Advanced Topics in Deep Learning
Time and Location
- Tuesday, Thursday 1:00-2:20 PM Eastern Time
- Instructor: Chen Sun (firstname.lastname@example.org)
- Office hour: 10:00 to 11:00am TThu, or by appointment
- Classroom: CIT 241
In-class participation is required unless otherwise approved by the instructor.
Zoom link can be found in the course syllabus.
Lectures will be livestreamed, and recorded for asynchronous viewing.
WWelcome to CSCI 2952N! This course aims at preparing graduate-level students the research knowledge they need to apply Deep Learning techniques for their own research. Over the past few years, there has been tremendous success in developing unified neural architectures that achieve state-of-the-art performance on language understanding (GPT-3), visual perception (ViT), and even protein structure prediction (AlphaFold). We plan to understand how they work, and how the success of such unified models can give rise to further developments on self-supervised learning, a technique that trains machine learning models without requiring labeled data; and multimodal learning, a technique that utilizes multiple input sources, such as vision, audio, and text. We will also study recent attempts to interpret these models, thus revealing potential risks on model bias. The course is organized as a combination of paper reading, student presentations, and invited guest lectures. It also requires the students to work on a final project that explores a novel direction they choose along the line of the papers we cover.
This is a seminar course aimed for PhD students and students who would like to further pursue a career that utilizes deep learning either in academia or in industry. Students are expected to feel comfortable reading 3-4 research papers per week (6 to 8 hours). They are expected to propose a final group project idea with contributions sufficient for a premier Machine Learning Conference (e.g. NeurIPS, ICLR) workshop or above. This class may be used for capstone.
- 40% Final project
- 20% Mini projects
- 20% In-class presentation
- 20% Paper reading and participation
For details please refer to the syllabus.
Academic Integrity & Collaboration Policy
Academic dishonesty will not be tolerated. This includes cheating, lying about course matters, plagiarism, or helping others commit a violation. Plagiarism includes reproducing the words of others without both the use of quotation marks and citation. Students are reminded of the obligations and expectations associated with the Brown Academic and Student Conduct Codes.
Discussion of course material with your classmates is both permitted and encouraged. However, showing, copying, or other sharing of actual code or verbatim answers to written questions is forbidden. This policy will be enforced.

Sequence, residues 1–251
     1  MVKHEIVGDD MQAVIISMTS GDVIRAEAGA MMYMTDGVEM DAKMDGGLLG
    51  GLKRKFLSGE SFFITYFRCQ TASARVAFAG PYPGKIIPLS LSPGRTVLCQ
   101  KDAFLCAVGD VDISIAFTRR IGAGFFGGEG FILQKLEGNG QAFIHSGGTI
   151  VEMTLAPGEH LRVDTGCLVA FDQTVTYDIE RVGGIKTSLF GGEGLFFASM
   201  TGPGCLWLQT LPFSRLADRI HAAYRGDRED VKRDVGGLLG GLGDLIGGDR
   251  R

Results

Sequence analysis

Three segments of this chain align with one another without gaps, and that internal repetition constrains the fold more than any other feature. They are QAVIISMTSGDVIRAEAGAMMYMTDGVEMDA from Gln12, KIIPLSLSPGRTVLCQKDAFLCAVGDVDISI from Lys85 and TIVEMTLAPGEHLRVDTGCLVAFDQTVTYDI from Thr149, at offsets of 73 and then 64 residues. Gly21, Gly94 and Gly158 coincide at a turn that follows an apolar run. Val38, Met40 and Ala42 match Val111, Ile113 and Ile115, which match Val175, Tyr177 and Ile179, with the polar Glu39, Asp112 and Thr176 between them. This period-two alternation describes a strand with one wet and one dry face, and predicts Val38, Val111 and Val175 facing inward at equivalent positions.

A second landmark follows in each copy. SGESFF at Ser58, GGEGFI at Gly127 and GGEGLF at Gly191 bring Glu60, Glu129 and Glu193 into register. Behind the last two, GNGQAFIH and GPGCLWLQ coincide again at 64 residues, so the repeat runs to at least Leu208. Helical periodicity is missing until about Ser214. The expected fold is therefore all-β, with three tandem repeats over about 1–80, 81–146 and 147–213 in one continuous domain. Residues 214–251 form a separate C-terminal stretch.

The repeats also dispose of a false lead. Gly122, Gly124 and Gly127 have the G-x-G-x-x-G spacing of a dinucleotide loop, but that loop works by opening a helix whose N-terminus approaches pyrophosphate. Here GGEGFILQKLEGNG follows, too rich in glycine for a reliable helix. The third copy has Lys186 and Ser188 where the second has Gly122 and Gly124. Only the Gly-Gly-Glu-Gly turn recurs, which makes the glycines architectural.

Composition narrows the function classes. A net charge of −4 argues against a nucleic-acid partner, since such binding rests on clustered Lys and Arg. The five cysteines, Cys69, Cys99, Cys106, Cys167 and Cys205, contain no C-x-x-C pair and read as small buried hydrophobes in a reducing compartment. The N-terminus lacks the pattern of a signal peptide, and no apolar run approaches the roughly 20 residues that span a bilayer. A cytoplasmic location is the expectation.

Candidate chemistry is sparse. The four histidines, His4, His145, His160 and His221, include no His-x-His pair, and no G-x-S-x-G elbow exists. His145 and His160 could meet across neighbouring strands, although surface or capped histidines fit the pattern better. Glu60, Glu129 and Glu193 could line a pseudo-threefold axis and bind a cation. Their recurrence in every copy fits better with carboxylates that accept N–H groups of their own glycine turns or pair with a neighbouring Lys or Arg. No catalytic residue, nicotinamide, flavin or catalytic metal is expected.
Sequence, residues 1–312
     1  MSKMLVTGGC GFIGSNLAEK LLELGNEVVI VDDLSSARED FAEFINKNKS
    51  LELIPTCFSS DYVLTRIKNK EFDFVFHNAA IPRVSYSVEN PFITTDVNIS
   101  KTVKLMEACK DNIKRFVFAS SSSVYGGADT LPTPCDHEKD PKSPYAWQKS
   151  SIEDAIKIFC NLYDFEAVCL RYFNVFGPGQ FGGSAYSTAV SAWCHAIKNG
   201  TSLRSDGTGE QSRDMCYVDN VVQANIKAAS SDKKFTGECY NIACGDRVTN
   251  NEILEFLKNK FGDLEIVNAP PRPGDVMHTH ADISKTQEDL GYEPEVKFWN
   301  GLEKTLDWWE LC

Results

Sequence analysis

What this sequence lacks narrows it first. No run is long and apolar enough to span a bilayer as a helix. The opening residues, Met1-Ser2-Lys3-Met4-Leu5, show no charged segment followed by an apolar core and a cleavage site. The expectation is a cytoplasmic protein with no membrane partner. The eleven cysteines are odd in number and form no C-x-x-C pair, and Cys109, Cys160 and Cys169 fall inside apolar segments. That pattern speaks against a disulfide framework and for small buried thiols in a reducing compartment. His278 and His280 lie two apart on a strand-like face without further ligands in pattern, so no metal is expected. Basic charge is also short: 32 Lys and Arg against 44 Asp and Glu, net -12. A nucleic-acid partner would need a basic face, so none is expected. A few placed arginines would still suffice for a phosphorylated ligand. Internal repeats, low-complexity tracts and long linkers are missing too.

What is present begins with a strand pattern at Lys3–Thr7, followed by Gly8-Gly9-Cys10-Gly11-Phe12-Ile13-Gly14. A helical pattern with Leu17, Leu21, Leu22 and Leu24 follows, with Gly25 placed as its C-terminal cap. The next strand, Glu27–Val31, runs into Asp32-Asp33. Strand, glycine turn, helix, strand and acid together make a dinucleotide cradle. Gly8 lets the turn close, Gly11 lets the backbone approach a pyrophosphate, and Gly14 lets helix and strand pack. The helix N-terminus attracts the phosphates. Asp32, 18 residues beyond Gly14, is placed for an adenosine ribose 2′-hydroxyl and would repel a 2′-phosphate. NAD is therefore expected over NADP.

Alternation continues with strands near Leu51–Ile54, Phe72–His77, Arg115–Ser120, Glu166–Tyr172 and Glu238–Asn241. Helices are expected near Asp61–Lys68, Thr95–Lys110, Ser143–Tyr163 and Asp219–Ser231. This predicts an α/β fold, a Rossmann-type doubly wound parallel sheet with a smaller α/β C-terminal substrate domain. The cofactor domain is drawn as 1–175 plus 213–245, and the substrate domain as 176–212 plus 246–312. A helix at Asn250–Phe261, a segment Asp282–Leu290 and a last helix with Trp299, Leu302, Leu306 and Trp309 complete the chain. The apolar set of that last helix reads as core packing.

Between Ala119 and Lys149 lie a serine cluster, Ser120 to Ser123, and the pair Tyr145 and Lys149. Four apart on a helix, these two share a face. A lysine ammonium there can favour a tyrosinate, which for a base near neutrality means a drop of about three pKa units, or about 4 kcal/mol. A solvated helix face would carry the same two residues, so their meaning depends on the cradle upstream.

Diversity & Inclusion
Our intent is that this course provides a welcoming environment for all students who satisfy the prerequisites. All members of the CS community, including faculty and staff, are expected to treat one another in a professional manner. If you feel you have not been treated in a professional manner by any of the course staff, please contact either the instructor, Ugur Cetintemel (Dept. Chair), Tom Doeppner (Vice Chair) or Laura Dobler (diversity & inclusion staff member). We will take all complaints about unprofessional behavior seriously.
Brown welcomes students from all around the country and the world, and their unique perspectives enrich our learning community. To empower students whose first language is not English, an array of support is available on campus, including language and culture workshops and individual appointments. For more information, contact the English Language Learning Specialists at email@example.com.
Brown University is committed to full inclusion of all students. Please inform the instructor if you have a disability or other condition that might require accommodations or modification of any of these course procedures. You may email the instructor, come to office hours, or speak with him after class, and your confidentiality is respected. We will do whatever we can to support accommodations recommended by SEAS. For more information contact Student and Employee Accessibility Services (SEAS) at 401-863-9588 or SEAS@brown.edu. Students in need of short-term academic advice or support can contact one of the deans in the Dean of the College office.
Being a student can be very stressful. If you feel you are under too much pressure or there are psychological issues that are keeping you from performing well at Brown, we encourage you to contact Brown’s Counseling and Psychological Services (CAPS). They provide confidential counseling and can provide notes supporting extensions on assignments for health reasons.